A 700‐year record on the effects of climate and human impact on the southern Cape coast inferred from lake sediments of Eilandvlei, Wilderness Embayment, South Africa

Bastian Reinwarth, Sarah Franz, Jussi Baade, Torsten Haberzettl, Thomas Kasper, Gerhard Daut, Jörg Helmschrot, Kelly L. Kirsten, Lynne J. Quick, Michael E. Meadows, Roland Mäusbacher

Research output: Contribution to journalArticlepeer-review

21 Citations (Scopus)

Abstract

The southern Cape coast, South Africa, is sensitive to climate fluctuations as it is influenced by different atmospheric and oceanic circulation systems. Palaeoecological evidence of Holocene climate variations in this region is presently limited. Here, we present a lake sediment record spanning approximately the last 670 years from Eilandvlei, a brackish coastal lake situated mid‐way between Cape Town and Port Elizabeth. The results from geochemical and sedimentological analyses point to an increase in minerogenic sediment input from the catchment starting around ad 1400. Changes in the seasonal distribution of rainfall during the Little Ice Age may have altered river discharge and increased erosion rates and fluvial sediment transport in pre‐colonial times. A rising mean lake level, possibly associated with an altered water balance or relative sea‐level rise, may offer an explanation for the deposition of finer sediments. After ad 1450, reduced burial flux of elements associated with autochthonous sediment formation may have resulted from ecological changes in Eilandvlei. Enhanced sedimentation rates, increasing carbon, nitrogen, phosphorous and biogenic silica concentrations, as well as high concentrations of proxies for allochthonous sediment input (e.g. aluminium, titanium, zirconium) point to increasing sediment and nutrient flux into Eilandvlei from the late nineteenth century onwards. The most likely factor involved in these recent changes is land‐use change and other forms of human impact.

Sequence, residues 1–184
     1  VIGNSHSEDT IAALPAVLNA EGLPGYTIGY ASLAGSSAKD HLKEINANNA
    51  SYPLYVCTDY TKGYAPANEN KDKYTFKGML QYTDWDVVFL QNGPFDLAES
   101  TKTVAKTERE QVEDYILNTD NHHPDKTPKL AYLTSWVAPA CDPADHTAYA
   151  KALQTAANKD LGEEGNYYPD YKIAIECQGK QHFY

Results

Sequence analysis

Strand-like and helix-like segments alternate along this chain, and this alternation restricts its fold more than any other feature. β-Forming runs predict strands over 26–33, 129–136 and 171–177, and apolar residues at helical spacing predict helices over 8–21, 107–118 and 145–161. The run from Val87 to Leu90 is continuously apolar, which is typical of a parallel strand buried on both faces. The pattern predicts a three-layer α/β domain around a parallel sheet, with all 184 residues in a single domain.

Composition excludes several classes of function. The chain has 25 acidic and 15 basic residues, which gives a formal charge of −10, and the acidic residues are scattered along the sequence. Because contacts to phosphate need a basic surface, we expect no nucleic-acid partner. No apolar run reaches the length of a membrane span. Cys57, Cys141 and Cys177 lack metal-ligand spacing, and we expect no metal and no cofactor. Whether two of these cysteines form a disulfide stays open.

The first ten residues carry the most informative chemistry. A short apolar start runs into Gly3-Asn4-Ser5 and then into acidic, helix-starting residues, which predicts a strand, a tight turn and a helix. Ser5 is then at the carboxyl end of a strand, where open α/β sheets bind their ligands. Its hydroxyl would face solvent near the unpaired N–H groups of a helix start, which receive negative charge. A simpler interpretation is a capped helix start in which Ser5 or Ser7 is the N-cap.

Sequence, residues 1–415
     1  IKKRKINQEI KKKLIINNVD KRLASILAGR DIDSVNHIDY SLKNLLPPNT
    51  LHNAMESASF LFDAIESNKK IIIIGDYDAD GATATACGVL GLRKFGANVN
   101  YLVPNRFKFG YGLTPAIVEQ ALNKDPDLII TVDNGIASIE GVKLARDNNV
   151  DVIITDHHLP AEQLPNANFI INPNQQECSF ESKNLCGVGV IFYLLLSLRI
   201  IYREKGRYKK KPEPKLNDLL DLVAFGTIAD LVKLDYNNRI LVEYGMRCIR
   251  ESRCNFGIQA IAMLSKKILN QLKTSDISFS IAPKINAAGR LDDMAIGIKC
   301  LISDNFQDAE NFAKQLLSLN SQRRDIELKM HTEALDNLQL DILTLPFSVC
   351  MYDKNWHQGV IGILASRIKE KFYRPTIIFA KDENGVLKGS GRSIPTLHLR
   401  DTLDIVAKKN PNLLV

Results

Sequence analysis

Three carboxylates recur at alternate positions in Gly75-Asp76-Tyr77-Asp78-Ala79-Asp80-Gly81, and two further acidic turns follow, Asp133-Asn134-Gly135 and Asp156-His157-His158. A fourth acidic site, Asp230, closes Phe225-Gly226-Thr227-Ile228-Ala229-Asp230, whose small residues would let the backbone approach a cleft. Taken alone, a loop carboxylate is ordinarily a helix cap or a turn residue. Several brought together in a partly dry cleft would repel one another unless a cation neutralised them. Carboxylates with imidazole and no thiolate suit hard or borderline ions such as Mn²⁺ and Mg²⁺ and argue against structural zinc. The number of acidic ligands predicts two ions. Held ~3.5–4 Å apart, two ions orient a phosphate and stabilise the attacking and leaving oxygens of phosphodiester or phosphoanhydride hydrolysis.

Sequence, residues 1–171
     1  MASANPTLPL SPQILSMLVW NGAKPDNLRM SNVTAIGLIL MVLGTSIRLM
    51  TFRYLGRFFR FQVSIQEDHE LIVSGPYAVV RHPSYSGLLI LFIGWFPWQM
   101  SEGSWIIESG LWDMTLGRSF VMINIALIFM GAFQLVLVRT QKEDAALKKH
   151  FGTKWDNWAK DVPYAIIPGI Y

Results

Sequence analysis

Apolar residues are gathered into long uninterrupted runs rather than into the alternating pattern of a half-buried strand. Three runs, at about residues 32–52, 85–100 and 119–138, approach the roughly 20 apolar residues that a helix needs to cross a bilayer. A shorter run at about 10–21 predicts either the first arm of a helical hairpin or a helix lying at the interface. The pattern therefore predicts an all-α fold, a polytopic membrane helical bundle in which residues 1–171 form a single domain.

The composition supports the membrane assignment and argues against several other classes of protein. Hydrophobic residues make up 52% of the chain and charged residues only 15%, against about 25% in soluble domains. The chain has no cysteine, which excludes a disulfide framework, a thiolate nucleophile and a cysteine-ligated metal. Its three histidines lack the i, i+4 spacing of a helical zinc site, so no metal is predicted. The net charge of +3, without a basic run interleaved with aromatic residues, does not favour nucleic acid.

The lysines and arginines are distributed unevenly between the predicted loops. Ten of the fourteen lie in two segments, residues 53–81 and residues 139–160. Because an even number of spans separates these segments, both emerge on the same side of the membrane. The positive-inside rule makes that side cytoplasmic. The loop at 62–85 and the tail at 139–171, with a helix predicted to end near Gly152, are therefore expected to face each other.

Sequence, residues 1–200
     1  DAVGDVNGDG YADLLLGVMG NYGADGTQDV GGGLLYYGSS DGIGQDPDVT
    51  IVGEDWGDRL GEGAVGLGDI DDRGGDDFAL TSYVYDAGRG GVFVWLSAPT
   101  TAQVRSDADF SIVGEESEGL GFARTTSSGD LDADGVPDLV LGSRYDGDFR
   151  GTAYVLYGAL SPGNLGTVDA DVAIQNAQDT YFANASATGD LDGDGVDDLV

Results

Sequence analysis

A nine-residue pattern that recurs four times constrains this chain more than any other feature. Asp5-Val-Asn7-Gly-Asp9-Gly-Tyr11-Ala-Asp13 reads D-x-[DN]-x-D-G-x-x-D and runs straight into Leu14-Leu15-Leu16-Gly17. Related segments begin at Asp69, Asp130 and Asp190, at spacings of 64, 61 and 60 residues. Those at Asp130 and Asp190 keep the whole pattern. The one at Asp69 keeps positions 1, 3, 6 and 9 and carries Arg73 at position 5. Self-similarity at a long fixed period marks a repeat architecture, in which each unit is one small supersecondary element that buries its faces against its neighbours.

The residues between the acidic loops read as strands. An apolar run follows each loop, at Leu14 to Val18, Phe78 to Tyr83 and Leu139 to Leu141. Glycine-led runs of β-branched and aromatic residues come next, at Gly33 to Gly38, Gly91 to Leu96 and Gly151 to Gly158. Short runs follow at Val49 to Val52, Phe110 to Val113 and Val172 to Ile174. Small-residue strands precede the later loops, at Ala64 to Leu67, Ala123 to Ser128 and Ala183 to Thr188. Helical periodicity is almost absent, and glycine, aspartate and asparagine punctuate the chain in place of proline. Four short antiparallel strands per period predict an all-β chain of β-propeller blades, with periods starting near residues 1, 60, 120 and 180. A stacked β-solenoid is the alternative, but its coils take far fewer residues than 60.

Original languageEnglish
Pages (from-to)345-360
Number of pages16
JournalGeografiska Annaler: Series A, Physical Geography
Volume95
Issue number4
DOIs
Publication statusPublished - 2013
Externally publishedYes

Funder

Financial support from the International Bureau, Bundesministerium für Bildung und Forschung (BMBF, Germany, grant SUA-09/10), the National Research Foundation (NRF, South Africa, grant UID-72083) and participating universities as well as logistic support from SANParks Scientific Services, Rondevlei, is gratefully acknowledged.

Keywords

  • South Africa
  • southern Cape
  • coastal lake
  • lake sediments
  • geochemistry
  • sedimentology
  • Little Ice Age
  • human impact

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